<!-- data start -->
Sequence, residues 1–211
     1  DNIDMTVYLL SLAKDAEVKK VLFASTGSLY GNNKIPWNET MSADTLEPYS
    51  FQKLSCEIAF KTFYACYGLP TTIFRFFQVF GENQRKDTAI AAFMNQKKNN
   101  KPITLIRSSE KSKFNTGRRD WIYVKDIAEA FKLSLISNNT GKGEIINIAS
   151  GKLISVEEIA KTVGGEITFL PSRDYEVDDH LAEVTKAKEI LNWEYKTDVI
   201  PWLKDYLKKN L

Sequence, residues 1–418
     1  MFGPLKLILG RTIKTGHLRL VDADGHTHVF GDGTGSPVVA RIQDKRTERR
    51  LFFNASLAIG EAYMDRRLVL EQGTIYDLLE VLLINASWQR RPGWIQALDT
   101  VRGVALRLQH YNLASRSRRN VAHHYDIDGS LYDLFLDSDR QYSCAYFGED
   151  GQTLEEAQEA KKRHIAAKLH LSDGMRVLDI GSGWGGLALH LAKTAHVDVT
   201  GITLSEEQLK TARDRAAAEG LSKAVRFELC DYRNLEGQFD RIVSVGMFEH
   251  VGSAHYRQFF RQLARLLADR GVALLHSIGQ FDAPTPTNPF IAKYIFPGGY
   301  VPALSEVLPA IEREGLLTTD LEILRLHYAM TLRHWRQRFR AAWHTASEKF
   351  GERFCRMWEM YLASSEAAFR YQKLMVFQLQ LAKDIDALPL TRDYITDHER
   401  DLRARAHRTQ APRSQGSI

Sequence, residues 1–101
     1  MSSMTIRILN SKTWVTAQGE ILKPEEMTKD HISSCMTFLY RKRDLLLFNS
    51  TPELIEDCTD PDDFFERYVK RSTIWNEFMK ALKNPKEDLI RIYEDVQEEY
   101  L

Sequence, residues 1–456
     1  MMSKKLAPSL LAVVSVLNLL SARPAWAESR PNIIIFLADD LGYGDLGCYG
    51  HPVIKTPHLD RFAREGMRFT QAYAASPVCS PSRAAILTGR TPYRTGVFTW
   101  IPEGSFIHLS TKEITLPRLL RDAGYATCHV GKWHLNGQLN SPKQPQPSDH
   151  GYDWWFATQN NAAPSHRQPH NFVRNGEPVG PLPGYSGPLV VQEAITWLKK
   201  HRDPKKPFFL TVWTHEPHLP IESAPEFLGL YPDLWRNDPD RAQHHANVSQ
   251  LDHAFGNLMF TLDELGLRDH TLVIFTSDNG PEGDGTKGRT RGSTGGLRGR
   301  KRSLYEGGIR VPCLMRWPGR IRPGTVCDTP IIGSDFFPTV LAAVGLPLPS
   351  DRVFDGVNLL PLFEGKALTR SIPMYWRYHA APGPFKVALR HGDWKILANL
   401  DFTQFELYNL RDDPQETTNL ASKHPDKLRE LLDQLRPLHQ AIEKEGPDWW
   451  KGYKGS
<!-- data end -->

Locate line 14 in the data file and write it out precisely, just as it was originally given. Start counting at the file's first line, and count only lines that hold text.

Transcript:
   301  VPALSEVLPA IEREGLLTTD LEILRLHYAM TLRHWRQRFR AAWHTASEKF